Outlines how to generate a GnuPG key for use with Crypt_GPG.
Crypt_GPG does not yet support generating GnuPG keys. Generating a GnuPG key for use with Crypt_GPG is much the same as generating any other GnuPG key on a system.
Important: Though Crypt_GPG supports specifying the keyring to use, Crypt_GPG, by default, uses the keyring of the current user. If using Crypt_GPG with a webserver such as Apache, the current user is the Apache user and the key will need to be generated as the Apache user. To do this, run the gen-key command as:$ sudo -u apache gpg --gen-key
The following example walks through the process of generating a key that supports both encrypting and signing. First, run the command:
This will display the following copyright information and a list of available key types:
Select (1) DSA and Elgamal (default) to allow the generated key to both encrypt and sign data. This will generate a public-private key pair in the GPG keyring and prompt for the size of the encryption key:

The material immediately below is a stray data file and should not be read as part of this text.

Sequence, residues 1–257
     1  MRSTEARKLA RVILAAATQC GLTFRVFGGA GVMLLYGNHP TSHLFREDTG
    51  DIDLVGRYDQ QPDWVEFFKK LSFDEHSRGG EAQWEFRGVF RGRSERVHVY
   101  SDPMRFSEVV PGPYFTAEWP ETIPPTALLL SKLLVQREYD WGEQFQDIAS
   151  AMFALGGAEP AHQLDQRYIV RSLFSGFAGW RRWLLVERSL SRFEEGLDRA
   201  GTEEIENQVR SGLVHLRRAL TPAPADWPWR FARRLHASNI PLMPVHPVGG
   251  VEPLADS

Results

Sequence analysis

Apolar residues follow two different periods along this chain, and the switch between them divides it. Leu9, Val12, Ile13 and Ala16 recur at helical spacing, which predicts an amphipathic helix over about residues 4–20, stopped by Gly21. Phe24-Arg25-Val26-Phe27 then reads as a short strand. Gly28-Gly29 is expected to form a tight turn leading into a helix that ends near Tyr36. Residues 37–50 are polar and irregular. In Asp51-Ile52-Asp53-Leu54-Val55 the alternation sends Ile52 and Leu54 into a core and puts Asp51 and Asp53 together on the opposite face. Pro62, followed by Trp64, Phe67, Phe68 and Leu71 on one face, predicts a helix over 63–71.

Select the default value of 2048. Enter greater or fewer bits depending on how secure the encryption must be. The default value is considered safe for most applications. GnuPG then prompts for the time period over which the generated key will be valid:
Unless the key needs to expire after a certain time period (preventing subsequent decryption), a key that does not expire should be used. Next, enter the three parts of the key's user id. The first part of the user id is the real name of the person or organization that will use the key to sign or encrypt data. The second part is an email address and the third is a comment about the key. Both the email address and comment are optional:
After entering the primary user id of the new key, the passphrase must be selected. A secret passphrase is essential to securing encrypted data. Guessable passphrases will render encryption useless. For critical data such as credit card numbers, a non-dictionary word that is at least 8 characters long is recommended.
Following the passphrase, GnuPG will gather entropy for a period to ensure the generated key uses sutitably random numbers. When enough entropy is collected the key is generated and added to the keyring:
At this point the key is in the GnuPG keyring and ready to be used by Crypt_GPG.